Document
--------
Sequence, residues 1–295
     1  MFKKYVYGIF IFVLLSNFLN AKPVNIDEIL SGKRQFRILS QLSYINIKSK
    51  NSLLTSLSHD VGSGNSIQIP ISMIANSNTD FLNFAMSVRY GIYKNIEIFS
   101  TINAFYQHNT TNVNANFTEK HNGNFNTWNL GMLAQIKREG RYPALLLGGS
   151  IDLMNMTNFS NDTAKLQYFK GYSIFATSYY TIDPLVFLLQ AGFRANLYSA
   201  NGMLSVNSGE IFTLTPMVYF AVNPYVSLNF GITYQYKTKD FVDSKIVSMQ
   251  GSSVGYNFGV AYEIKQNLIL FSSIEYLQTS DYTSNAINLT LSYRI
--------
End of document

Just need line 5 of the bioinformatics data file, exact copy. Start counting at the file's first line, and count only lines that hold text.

   151  IDLMNMTNFS NDTAKLQYFK GYSIFATSYY TIDPLVFLLQ AGFRANLYSA